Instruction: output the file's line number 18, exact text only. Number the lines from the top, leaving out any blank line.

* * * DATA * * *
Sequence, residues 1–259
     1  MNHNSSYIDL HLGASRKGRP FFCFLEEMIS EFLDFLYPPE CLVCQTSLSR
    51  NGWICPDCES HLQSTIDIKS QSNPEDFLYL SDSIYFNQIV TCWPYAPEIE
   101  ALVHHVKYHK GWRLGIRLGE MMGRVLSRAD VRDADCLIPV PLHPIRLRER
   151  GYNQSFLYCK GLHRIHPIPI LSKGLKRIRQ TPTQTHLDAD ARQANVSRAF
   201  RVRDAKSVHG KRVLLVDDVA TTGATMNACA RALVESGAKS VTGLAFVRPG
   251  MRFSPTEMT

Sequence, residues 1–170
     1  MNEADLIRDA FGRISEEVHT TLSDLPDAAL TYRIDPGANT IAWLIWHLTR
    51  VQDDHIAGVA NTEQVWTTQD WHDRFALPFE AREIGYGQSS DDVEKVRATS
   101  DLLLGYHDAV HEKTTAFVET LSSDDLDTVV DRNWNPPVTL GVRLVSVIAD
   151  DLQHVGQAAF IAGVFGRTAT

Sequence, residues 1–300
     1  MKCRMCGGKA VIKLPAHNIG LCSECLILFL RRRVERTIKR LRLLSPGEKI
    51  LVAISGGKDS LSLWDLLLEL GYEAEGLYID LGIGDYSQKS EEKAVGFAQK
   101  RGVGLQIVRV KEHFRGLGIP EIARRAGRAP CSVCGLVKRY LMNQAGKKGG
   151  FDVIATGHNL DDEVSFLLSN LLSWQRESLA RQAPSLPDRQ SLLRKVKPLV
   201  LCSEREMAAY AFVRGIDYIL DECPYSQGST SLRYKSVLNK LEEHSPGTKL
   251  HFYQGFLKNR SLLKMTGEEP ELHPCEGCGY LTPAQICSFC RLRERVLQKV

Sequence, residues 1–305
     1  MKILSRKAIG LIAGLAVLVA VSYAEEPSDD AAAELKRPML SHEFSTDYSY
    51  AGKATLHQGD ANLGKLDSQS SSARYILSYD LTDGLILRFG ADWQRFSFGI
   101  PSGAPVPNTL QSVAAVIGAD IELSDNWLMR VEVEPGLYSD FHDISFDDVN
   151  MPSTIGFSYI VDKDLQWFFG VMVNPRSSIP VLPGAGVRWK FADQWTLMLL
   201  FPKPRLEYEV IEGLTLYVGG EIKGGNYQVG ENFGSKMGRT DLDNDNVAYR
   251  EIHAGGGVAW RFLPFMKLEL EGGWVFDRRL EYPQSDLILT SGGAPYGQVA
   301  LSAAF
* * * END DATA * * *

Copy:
   201  LCSEREMAAY AFVRGIDYIL DECPYSQGST SLRYKSVLNK LEEHSPGTKL